Like most states, Tennessee sets time limits for prosecutors to begin a criminal case against a suspect. These time limits—called statutes of limitations—can put an end to the case even if a defendant is guilty. This article will briefly review how Tennessee's statutes of limitations work and what they are for several crimes.
Statutes of limitations set time limits for the government to bring criminal charges in a case. If the prosecution charges someone after the applicable time period has passed, the person charged can have the case dismissed.
In Tennessee and most other states, the time limits depend on the offense level or the specific crime. For instance, a prosecutor might have 10 years to file most felony charges but only one year to file misdemeanor charges. Violent crimes generally have longer statutes of limitations, and some crimes (like murder) have no statute of limitations—meaning a criminal case can be filed at any time. In certain instances, statutes of limitations are "tolled" (suspended), allowing the government more time to bring a case. (More on "tolling" below.)
Lawmakers can change limitations periods. For example, they could change the statute of limitations for child sex crimes from 10 years to 25 years. But whether changes apply to past crimes depends on how the law is written. Typically, the new time limits only apply to crimes committed after the law changed or, in some cases, to crimes committed before the law changed as long as the old time limit had not already expired.
The Tennessee General Assembly has amended (changed) its law on statutes of limitations several times. You might want to consult with an attorney if you have questions on a particular issue.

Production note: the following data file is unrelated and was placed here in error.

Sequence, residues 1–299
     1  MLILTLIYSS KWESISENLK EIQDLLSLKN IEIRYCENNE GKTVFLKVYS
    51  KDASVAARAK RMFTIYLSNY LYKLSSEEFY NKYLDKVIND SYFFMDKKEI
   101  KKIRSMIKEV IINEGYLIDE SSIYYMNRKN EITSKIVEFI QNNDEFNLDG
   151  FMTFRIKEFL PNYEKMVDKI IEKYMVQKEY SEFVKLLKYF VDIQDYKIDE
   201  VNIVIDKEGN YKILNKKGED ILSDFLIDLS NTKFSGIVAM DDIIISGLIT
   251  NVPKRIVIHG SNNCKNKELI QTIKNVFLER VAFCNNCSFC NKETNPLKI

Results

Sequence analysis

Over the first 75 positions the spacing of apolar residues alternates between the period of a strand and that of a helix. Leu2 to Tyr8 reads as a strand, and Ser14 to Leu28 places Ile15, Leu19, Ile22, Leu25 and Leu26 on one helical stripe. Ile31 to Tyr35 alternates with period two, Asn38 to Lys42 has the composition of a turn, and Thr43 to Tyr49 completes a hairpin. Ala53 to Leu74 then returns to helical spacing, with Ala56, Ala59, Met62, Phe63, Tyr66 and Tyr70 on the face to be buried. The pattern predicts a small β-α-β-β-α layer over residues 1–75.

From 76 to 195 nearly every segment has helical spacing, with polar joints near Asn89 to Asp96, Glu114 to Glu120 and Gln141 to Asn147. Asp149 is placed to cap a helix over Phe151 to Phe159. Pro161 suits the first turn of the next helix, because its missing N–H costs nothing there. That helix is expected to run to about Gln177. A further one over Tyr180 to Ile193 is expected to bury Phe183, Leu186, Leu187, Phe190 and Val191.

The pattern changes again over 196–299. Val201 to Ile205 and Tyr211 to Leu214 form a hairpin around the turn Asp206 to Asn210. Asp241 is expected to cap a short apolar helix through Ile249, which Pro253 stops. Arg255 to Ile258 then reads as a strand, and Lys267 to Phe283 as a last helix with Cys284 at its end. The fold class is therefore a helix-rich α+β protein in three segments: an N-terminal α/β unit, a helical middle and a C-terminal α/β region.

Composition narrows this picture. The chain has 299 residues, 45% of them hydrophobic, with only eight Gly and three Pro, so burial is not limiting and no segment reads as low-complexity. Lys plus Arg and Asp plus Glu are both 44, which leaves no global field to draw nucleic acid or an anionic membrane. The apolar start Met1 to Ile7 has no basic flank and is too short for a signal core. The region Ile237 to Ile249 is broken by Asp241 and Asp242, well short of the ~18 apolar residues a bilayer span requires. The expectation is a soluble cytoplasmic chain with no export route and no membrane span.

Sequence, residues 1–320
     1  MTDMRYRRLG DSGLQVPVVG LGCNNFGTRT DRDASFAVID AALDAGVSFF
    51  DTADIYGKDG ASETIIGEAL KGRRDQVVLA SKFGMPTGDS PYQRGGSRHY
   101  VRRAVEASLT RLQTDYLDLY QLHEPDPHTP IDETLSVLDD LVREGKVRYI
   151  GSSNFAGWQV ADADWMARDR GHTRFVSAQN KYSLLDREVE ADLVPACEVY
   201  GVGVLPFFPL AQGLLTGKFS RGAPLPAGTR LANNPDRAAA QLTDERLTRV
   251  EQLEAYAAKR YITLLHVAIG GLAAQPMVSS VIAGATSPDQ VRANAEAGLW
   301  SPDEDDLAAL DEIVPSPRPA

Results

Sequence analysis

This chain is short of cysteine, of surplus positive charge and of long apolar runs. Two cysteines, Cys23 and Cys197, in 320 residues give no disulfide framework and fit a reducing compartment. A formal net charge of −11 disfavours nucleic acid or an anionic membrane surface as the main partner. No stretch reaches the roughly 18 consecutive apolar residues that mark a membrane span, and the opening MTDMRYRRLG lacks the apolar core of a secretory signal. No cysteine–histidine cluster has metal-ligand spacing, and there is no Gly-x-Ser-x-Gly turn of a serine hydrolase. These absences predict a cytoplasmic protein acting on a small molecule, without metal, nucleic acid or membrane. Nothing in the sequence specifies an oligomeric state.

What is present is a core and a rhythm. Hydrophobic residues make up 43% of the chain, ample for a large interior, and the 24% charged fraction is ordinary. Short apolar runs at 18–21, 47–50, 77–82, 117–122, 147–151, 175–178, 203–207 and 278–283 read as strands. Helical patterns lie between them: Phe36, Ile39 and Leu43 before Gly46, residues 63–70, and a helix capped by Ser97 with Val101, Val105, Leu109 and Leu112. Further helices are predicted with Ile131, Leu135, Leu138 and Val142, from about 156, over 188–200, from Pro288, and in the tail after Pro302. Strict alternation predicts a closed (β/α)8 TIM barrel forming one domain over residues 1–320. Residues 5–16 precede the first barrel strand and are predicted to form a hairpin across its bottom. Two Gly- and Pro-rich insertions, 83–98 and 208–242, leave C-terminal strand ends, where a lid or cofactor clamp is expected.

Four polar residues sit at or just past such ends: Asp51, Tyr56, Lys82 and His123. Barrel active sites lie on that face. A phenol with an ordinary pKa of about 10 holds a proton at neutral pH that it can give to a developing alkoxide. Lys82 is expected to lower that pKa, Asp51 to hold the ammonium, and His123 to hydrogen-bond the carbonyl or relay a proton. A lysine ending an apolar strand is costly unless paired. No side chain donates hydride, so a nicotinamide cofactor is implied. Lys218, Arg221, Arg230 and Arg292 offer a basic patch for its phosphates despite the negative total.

Like many states, Tennessee law sets time limits for a host of specific crimes. For crimes not specifically listed in the statute, a general statute of limitations applies based on the category of the crime.
Felonies punishable by death or life imprisonment can be prosecuted at any time.
The general time limits for other crimes are:
Below are examples of time limits for specific crimes in Tennessee. Keep in mind that the following is a partial list that broadly summarizes the law. You should look at the actual law for nuances and exceptions.
Generally, the statute of limitations starts when the crime occurs. But in circumstances where it's difficult to discover the crime or a victim might be particularly scared to report it, the law might delay the starting of the time clock or extend the limitations period.
DNA evidence. Tennessee law allows a prosecutor to file charges or issue a warrant based on an offender's DNA profile. These actions stop the "limitations clock" even without knowing the identity of the suspect.
Corroborating evidence. In cases involving a sex offense against a minor age 13 to 17, the law allows the case to be prosecuted at any time if the prosecution has admissible and credible evidence corroborating the victim's allegations.
Evading prosecution. Also, if a person tries to "evade" (avoid) arrest for a crime, the law gives the prosecutor extra time to file charges. In Tennessee, the statute of limitations doesn't run while the defendant conceals the crime or is not a resident of the state.
Statutes of limitations are confusing, to say the least. The same conduct can be the basis for multiple criminal charges, meaning that more than one limitation period could apply. And because lawmakers can make changes to statutes of limitations, the time limit currently in law might not apply to a past crime. The Tennessee General Assembly has changed the statute of limitations many times, and a careful reading is required to determine the applicable time limit. Consult a knowledgeable attorney in your area to understand how the statutes of limitations apply in a specific case.
(Tenn. Code §§ 40-2-101 to -106 (2022).)